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Cellou Binani/Getty Images

Several People Have Been Killed During Protests in Guinea

Guineans are protesting against changes to the constitution which will allow President Alpha Conde to run for a third term.

At least five people have died during protests in Guinea's Conakry and Mamou after police opened fire on them, according to Aljazeera. The protests come just after President Alpha Conde instructed his government to look into drafting a new constitution that will allow him to remain in power past the permissible two terms. Conde's second five-year term will come to an end next year but as is the unfortunate case with many African leaders, the 81-year-old is intent on running for office yet again.

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Photo by Hamish Brown

In Conversation: Lemn Sissay On His New Book About Re-claiming the Ethiopian Heritage Stolen From Him by England’s Foster Care System

In 'My Name Is Why,' the 2019 PEN Pinter award winner passionately advocates for children in the institutional care system, and in turn tells a unique story of identity and the power in discovering one's heritage.

It took the author Lemn Sissay almost two decades to learn his real name. As an Ethiopian child growing up in England's care system, his cultural identity was systematically stripped from him at an early age. "For the first 18 years of my life I thought that my name was Norman," Sissay tells OkayAfrica. "I didn't meet a person of color until I was 10 years of age. I didn't know a person of color until I was 16. I didn't know I was Ethiopian until I was 16 years of age. They stole the memory of me from me. That is a land grab, you know? That is post-colonial, hallucinatory madness."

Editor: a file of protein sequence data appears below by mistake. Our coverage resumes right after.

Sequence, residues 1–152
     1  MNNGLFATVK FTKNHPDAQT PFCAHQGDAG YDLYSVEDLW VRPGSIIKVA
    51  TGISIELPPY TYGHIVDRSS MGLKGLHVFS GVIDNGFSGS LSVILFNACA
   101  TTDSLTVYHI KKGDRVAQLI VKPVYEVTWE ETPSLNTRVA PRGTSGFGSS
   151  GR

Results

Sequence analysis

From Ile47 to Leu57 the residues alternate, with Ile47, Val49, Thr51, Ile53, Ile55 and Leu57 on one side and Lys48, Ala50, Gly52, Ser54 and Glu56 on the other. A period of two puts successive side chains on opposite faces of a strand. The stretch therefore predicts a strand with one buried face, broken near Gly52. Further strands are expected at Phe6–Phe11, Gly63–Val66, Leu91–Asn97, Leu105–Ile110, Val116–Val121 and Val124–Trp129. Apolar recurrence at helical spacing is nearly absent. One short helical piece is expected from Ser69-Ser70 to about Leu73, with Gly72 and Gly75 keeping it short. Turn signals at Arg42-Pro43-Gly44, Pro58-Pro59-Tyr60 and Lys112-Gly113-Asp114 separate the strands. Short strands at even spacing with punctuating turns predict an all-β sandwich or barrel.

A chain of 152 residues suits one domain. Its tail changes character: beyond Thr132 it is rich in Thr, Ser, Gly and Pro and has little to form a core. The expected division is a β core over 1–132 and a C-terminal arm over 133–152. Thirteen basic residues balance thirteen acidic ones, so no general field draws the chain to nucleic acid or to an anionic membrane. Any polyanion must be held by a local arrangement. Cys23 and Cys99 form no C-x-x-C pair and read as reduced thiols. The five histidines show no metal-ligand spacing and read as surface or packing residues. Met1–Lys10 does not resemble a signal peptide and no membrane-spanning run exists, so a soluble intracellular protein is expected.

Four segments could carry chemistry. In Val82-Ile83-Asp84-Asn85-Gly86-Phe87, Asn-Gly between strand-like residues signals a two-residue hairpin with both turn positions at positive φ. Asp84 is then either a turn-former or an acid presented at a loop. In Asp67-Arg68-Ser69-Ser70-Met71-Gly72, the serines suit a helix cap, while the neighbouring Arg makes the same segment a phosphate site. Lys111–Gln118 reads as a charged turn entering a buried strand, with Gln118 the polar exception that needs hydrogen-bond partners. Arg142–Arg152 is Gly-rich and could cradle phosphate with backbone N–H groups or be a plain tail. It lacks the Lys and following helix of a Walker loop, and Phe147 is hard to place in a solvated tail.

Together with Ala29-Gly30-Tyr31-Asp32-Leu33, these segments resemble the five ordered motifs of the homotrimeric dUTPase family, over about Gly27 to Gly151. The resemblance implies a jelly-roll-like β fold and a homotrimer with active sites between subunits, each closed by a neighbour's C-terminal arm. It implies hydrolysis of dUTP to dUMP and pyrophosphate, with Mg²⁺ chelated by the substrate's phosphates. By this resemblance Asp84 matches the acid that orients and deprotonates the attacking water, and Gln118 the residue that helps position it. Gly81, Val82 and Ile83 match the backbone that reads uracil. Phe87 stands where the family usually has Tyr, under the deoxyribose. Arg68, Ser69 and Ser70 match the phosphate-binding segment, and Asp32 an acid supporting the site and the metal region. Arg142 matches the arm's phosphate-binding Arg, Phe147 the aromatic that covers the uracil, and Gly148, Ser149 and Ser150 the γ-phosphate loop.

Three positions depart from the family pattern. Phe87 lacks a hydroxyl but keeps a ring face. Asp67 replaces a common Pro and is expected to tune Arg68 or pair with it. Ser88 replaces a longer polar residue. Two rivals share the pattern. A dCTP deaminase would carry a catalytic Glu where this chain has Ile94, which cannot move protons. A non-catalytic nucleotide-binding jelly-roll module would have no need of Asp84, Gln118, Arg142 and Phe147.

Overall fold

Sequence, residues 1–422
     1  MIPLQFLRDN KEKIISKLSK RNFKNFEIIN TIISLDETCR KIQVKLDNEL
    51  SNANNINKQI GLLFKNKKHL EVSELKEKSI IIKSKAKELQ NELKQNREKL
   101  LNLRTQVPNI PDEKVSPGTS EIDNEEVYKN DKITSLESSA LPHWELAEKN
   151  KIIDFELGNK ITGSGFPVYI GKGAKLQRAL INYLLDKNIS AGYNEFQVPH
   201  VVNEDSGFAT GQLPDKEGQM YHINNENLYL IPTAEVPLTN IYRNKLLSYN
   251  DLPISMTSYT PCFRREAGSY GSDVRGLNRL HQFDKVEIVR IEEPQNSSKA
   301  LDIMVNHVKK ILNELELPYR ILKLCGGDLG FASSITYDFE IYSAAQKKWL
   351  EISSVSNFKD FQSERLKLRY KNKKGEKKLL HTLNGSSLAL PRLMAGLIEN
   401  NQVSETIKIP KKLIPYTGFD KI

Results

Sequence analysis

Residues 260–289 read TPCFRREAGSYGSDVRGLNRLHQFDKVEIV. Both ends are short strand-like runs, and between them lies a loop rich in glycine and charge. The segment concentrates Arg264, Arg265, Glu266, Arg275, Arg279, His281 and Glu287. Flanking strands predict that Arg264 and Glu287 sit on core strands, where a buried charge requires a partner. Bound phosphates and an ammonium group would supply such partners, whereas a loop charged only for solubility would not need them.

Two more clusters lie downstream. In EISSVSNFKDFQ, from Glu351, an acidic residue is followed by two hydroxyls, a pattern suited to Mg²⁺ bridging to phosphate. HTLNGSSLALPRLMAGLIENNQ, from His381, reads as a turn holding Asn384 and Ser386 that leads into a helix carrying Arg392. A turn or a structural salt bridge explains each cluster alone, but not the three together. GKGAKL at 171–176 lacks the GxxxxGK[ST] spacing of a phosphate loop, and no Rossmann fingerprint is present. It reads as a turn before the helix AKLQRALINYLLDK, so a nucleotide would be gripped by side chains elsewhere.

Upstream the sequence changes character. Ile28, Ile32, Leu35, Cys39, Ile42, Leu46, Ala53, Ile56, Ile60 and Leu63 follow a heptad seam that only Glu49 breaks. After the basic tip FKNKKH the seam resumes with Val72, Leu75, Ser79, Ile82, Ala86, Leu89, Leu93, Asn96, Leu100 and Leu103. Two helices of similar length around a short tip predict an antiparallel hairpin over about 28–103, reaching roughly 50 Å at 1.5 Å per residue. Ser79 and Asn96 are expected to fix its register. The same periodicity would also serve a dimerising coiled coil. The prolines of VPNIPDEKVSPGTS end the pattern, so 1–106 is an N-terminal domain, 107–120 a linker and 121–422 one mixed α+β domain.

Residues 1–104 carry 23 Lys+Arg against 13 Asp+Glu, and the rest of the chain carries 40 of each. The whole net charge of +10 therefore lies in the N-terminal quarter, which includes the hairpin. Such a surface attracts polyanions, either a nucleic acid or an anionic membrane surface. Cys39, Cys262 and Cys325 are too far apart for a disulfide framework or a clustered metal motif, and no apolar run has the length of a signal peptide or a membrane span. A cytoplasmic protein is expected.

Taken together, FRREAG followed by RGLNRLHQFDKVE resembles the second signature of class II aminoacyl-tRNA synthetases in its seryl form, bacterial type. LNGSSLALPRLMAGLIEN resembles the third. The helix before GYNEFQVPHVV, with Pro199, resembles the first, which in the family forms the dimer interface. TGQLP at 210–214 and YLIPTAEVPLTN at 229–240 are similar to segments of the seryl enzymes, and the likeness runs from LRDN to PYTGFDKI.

Sissay was not alone in this experience. As he notes in his powerful new memoir My Name Is Why, during the 1960s, tens of thousands of children in the UK were taken from their parents under dubious circumstances and put up for adoption. Sometimes, these placements were a matter of need, but other times, as was the case with Sissay, it was a result of the system preying on vulnerable parents. His case records, which he obtained in 2015 after a hardfought 30 year campaign, show that his mother was a victim of child "harvesting," in which young, single women were often forced into giving their children up for adoption before being sent back to their native countries. She tried to regain custody of young Sissay, but was unsuccessful.

Whether they end up in the foster system out of need or by mistake, Sissay says that most institutionalized children face the same fate of abuse under an inadequate and mismanaged system that fails to recognize their full humanity. For black children who are sent to white homes, it often means detachment from a culturally-sensitive environment. "There are too many brilliant people that I know who have been adopted by white parents for me to say that it just doesn't work," says Sissay. "But the problem is the amount of children that it doesn't work for."